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Having seen quite a lot of sporting events, and naturally, quite a lot of opening ceremonies, I must admit I was pretty amazed watching this year’s Olympic Opening ceremony. It was huge, involving thousands of people, but it was also very simple and artistic. From the blimp camera view, the shapes that the many thousands of humans made were breathtaking (my favorite was a bird which flapped its wings multiple times). The dancers were skilled and quick, and their overall performance was brilliantly choreographed. The fireworks were amazing, all their detail was displayed individually. The opening ceremony was (you could say) perfect, with amazing technology, great music, and risky acrobatics that was flawlessly executed via thousands of headphones, remote controls, and intense determination behind the scenes. 

But I didn’t like it.

Why? How could you just dismiss a flawless performance that took years of preparation and thousands of people to perform? In truth, it was perfect, but to me, and probably to many other people, it was expected. Let’s face it — the Chinese are master performers, they are as skilled, acrobatic, and dedicated as anyone else out there, but this would be their stereotypical performance. Just think about it. If someone told you that the Chinese were going to put on a performance for billions of people, and they could use all the people and money they pleased, this is what you would expect — and this is what we got. It was the best performance I have ever seen — and call me spoiled — but it wasn’t unique. It wasn’t different, it wasn’t simple, and it could have been. I enjoyed watching the ceremony, but I still think they could have done better. Better, but not with more people and money. Call me crazy, but I think the perfect Olympic Opening Ceremony should involve not involve dancers and acrobats, but all the athletes participating in the actual games.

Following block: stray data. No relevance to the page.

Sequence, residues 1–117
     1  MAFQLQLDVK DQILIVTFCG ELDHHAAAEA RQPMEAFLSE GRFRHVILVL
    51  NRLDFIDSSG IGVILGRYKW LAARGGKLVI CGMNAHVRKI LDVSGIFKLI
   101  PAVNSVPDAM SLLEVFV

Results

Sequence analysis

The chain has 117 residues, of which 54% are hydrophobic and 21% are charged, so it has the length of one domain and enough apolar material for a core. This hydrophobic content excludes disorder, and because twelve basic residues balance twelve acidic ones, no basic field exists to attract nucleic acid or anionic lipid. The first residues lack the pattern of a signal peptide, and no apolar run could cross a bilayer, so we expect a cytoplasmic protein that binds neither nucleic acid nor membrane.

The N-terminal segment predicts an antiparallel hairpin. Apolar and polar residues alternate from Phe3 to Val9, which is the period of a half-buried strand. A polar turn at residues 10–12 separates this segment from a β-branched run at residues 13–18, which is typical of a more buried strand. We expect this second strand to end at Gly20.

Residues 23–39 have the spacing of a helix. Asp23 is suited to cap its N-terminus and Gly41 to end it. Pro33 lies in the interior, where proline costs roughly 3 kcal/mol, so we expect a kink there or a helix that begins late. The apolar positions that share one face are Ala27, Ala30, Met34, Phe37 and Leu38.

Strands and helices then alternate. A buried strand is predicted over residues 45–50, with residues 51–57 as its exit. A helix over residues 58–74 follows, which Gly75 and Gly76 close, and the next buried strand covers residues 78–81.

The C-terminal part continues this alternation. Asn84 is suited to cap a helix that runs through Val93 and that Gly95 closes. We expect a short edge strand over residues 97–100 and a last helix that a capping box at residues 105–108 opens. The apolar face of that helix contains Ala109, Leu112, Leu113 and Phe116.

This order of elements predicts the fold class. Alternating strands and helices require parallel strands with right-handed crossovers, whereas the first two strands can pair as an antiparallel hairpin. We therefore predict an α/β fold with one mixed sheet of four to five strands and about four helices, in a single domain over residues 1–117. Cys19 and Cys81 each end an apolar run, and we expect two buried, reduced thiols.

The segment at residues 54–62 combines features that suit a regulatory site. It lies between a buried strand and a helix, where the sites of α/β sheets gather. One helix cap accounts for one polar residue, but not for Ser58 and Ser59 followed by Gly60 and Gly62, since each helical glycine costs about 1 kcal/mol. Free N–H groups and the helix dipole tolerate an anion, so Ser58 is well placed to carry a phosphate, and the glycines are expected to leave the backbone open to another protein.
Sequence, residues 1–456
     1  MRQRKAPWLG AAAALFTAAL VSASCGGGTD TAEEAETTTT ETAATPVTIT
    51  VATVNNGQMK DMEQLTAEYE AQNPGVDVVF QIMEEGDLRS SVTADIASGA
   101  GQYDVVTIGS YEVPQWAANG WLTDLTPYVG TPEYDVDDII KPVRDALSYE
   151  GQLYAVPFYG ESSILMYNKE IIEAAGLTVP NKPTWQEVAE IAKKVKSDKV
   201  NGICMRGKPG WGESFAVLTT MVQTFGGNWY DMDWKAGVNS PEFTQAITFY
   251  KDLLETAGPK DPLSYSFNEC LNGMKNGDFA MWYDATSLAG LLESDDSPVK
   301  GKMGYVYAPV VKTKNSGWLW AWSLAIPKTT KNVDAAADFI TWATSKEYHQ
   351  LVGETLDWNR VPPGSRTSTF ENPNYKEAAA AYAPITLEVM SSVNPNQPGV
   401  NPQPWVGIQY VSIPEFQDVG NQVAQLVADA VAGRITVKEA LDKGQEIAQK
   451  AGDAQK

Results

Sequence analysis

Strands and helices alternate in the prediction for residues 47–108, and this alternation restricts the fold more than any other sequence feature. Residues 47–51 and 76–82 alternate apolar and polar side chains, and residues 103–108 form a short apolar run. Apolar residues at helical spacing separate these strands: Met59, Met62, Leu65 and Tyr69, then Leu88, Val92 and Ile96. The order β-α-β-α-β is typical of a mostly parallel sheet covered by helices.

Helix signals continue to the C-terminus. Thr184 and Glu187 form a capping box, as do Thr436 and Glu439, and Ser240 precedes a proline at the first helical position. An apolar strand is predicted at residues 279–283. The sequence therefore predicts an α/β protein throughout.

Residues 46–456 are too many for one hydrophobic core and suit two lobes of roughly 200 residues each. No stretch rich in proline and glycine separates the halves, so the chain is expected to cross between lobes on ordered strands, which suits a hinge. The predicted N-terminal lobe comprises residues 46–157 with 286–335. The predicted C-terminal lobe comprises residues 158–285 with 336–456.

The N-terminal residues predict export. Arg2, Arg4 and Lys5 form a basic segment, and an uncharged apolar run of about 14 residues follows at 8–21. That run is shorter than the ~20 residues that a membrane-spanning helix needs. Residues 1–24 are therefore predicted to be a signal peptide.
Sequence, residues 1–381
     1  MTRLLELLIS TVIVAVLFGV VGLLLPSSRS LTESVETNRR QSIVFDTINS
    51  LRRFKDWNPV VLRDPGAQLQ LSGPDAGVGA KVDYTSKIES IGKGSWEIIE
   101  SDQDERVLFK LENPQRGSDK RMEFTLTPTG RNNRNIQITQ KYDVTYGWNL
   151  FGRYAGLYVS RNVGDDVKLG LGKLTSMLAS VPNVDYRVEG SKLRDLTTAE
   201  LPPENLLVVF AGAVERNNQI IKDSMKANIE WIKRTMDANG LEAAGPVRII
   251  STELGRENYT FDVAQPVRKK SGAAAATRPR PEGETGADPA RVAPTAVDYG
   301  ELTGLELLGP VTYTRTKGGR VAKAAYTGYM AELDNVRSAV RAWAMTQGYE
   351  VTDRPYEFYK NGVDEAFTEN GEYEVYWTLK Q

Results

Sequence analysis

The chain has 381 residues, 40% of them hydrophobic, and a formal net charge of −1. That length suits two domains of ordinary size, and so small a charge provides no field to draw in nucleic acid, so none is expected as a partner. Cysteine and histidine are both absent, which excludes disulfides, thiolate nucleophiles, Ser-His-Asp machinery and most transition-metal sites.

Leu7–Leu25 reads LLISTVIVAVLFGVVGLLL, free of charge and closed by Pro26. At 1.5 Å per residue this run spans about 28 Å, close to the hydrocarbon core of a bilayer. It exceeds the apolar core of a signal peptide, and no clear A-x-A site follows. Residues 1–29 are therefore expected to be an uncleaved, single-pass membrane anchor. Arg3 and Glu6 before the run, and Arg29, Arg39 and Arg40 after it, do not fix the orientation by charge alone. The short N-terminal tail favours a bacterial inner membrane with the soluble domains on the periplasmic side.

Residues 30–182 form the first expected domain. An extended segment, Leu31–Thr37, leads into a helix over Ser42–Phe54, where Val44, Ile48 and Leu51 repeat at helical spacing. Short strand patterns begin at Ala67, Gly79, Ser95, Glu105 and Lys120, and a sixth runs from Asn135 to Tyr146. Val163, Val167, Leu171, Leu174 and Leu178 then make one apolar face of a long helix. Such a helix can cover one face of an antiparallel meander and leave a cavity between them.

Let’s face it — to make it to the olympics, you don’t just need to be good at your sport, you need to be legendary. And everyone in the olympics is skilled, in shape, and experienced in entertainment. It would be exciting to have all the athletes’ best skills incorporated into the performance. It would be a fresh idea, it would be hilarious (some of the athletes would probably slip up or add some humor into it), and it would be great to see your favorite player perform. It would be like a professional dancing with the stars, and I think it would be entertaining for the viewers. Its just an opinion, but I think it would work.

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China’s In Trouble

August 6, 2008

I bet a few critics of the IOC are giving their “I told you so” remarks right about now. Why? China’s in big trouble. After insurgent attacks in Western China, China’s is up to their necks in problems – as well as doubters. These attacks (which killed 20 border patrolmen) claimed to be in favor of independence in some of China’s Western providences. But everyone knows that they came at the perfect time – just days before the Beijing Olympics. And why are we so ticked off with this? In 2001, when China was given their Olympic stature, they vowed to do many things for the game, including limiting the violence and taking care of their human rights issues. If you ask a foreign policy hunk, they’ll most likely tell you that after seven years, they haven’t exactly fulfilled their promises. Their popular-with-the-press pollution problem doesn’t help either, as many athletes who arrived to the games wore masks off the plane.